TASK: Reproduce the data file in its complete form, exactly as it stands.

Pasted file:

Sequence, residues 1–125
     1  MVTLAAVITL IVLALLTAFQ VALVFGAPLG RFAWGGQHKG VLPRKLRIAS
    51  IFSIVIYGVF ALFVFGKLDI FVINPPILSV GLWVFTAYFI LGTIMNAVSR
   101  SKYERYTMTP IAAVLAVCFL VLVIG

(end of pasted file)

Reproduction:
Sequence, residues 1–125
     1  MVTLAAVITL IVLALLTAFQ VALVFGAPLG RFAWGGQHKG VLPRKLRIAS
    51  IFSIVIYGVF ALFVFGKLDI FVINPPILSV GLWVFTAYFI LGTIMNAVSR
   101  SKYERYTMTP IAAVLAVCFL VLVIG